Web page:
can't afford the CAMPO 2025 plan By Roger
Baker * May 24,
Just yesterday, May 24, CAMPO
finally released the final missing portion of their long range
2025 Plan, which is the City of Austin's share of the cost of
implementing the plan.
Under federal law, the plan
must financially constrained by reasonable revenue sources.
Accordingly, the planners have bent over backwards to fudge the
numbers to paper over the bad news of how much it will cost Austin
to keep up with the sprawl trends assumed by the CAMPO
To fund the right-of-way (ROW)
and construction needed for roads, CAMPO estimates it will cost
Austin $582 million in current 1997 dollars total until 2025; $447
million in construction and $105 million in
But it is estimated that the
city can only afford to use about $10 million out of its $56.6
million per year of total bonds on the "CAMPO roads". Therefore
this would total only 25x10=$250 million out of the $582 million
Therefore a gigantic shortfall
-- of $339 million -- AMOUNTING TO THE BULK OF AUSTIN'S SHARE OF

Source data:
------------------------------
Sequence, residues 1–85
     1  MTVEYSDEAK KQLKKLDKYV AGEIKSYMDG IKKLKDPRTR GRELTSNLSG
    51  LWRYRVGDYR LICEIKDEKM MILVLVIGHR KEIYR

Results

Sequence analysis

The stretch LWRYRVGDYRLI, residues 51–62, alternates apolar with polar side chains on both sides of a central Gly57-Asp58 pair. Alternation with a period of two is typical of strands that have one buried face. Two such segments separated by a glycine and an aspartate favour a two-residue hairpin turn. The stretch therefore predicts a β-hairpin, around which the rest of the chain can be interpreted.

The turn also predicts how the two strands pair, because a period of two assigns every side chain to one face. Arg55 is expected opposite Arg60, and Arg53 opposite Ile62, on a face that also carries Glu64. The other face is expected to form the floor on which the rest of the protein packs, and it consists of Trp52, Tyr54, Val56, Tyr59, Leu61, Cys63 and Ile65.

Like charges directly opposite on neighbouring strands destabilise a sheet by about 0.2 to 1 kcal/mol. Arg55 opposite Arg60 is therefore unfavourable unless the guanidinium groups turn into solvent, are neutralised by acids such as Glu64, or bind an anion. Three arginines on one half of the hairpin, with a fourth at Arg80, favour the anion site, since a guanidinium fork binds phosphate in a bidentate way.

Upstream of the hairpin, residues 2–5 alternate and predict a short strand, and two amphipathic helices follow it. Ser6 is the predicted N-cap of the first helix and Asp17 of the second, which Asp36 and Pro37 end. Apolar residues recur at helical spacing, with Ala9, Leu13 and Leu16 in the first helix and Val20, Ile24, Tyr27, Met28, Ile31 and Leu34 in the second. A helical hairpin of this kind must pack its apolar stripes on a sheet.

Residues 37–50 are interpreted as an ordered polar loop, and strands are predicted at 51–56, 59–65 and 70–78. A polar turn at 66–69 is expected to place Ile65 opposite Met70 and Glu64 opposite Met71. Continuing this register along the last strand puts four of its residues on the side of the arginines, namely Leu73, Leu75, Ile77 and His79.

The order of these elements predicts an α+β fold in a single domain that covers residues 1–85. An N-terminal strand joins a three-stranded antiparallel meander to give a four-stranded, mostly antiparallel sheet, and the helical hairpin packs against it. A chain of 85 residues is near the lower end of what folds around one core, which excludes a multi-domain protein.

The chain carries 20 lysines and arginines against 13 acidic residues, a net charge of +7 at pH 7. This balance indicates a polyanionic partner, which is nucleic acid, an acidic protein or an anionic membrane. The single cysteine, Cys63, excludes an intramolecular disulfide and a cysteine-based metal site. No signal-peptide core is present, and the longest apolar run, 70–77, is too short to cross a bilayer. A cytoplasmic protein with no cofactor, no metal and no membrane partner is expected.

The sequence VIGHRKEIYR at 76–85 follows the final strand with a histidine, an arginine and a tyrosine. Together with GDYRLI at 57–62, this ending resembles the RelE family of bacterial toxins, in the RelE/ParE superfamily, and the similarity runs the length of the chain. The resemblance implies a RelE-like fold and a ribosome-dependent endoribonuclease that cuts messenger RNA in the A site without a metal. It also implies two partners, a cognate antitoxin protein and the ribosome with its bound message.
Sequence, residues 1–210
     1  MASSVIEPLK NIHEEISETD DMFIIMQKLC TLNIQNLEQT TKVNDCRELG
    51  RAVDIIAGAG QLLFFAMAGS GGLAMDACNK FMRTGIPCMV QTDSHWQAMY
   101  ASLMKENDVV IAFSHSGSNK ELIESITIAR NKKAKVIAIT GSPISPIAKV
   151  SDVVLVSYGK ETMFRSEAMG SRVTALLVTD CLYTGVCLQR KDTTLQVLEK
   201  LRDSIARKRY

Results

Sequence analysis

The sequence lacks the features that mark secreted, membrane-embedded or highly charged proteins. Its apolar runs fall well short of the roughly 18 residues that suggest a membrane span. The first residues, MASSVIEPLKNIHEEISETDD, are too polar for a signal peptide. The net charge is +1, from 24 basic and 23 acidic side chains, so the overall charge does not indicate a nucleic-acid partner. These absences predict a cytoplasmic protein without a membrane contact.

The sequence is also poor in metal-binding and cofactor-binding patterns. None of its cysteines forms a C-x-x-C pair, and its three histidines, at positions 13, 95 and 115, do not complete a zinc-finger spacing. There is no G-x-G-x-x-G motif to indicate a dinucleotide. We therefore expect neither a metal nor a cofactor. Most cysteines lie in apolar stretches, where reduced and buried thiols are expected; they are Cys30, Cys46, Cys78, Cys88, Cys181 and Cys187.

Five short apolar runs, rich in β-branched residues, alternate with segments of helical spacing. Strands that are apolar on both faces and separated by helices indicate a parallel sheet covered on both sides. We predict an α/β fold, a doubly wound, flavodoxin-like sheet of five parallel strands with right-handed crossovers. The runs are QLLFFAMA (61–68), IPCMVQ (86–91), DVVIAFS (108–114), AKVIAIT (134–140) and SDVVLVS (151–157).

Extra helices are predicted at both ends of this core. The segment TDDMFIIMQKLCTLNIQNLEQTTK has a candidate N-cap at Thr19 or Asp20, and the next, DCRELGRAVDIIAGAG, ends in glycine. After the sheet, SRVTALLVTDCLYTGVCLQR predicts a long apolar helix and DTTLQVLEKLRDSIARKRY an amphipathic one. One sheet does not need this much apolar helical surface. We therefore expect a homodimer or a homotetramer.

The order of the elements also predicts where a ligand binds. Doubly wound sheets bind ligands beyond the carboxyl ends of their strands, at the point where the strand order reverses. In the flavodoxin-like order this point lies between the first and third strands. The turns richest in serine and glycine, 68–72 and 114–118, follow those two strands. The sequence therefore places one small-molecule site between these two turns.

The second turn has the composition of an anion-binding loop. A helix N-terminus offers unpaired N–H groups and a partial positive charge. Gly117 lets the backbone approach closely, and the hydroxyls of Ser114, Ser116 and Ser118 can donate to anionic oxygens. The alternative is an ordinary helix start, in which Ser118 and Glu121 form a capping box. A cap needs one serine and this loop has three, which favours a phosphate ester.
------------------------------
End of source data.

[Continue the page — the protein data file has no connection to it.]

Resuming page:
THE CAMPO PLAN -- is admitted in the document just released. This
gap cannot be bridged except with heavy new taxes for
The CAMPO planners try to put
the best spin on this shortfall by suggesting that rapidly rising
property values might somehow raise taxes enough to eliminate this
shortfall; "It is important to recognize that this financial
analysis uses a conservative revenue projection, developed prior
to the current increase in property valuations".
But this ray of hope vanishes
if the same numbers are used consistantly and honestly. The same
increases in property values would ALSO raise the presumed right
of way costs by 20-30 percent in this year alone, leaving the plan
swimming in even more red ink.
So what about the heavy new
taxes for roads? CAMPO suggests new legislation to get another 1/2
cent sales tax, but this would take state legislation and local
Other taxes suggested are a new
Local Option Fuel Tax, Benefit Assessment Districts, and
Bicycle Licence/Registration Fees.
From my point of view the
question the public should be asking is whether the federal TEA-21
requirement that local transpo planning be financially constrained
to reasonable revenue sources has any meaning if CAMPO is
permitted to invent hypothetical taxes which are inconsistant with
existing law. If so the federal law has little
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